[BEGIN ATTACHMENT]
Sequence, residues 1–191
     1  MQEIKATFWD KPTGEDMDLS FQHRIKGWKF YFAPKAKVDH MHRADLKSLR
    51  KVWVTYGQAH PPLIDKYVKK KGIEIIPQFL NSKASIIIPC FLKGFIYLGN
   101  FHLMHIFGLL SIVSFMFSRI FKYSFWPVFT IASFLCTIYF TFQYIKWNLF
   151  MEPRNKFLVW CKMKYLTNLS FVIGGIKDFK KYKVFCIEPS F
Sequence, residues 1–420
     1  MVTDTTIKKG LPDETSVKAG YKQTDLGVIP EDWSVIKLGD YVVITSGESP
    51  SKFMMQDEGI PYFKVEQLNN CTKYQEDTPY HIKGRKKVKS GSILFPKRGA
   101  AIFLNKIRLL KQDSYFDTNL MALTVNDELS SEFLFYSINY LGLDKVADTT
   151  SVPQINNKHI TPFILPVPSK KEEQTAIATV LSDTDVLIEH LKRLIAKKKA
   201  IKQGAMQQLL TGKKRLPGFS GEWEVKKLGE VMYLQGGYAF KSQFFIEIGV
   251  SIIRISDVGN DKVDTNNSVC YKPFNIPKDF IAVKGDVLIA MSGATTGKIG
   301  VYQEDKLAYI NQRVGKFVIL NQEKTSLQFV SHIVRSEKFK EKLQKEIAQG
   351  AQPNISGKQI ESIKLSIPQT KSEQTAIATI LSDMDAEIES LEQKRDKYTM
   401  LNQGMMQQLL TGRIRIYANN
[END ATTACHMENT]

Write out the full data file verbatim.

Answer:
Sequence, residues 1–191
     1  MQEIKATFWD KPTGEDMDLS FQHRIKGWKF YFAPKAKVDH MHRADLKSLR
    51  KVWVTYGQAH PPLIDKYVKK KGIEIIPQFL NSKASIIIPC FLKGFIYLGN
   101  FHLMHIFGLL SIVSFMFSRI FKYSFWPVFT IASFLCTIYF TFQYIKWNLF
   151  MEPRNKFLVW CKMKYLTNLS FVIGGIKDFK KYKVFCIEPS F
Sequence, residues 1–420
     1  MVTDTTIKKG LPDETSVKAG YKQTDLGVIP EDWSVIKLGD YVVITSGESP
    51  SKFMMQDEGI PYFKVEQLNN CTKYQEDTPY HIKGRKKVKS GSILFPKRGA
   101  AIFLNKIRLL KQDSYFDTNL MALTVNDELS SEFLFYSINY LGLDKVADTT
   151  SVPQINNKHI TPFILPVPSK KEEQTAIATV LSDTDVLIEH LKRLIAKKKA
   201  IKQGAMQQLL TGKKRLPGFS GEWEVKKLGE VMYLQGGYAF KSQFFIEIGV
   251  SIIRISDVGN DKVDTNNSVC YKPFNIPKDF IAVKGDVLIA MSGATTGKIG
   301  VYQEDKLAYI NQRVGKFVIL NQEKTSLQFV SHIVRSEKFK EKLQKEIAQG
   351  AQPNISGKQI ESIKLSIPQT KSEQTAIATI LSDMDAEIES LEQKRDKYTM
   401  LNQGMMQQLL TGRIRIYANN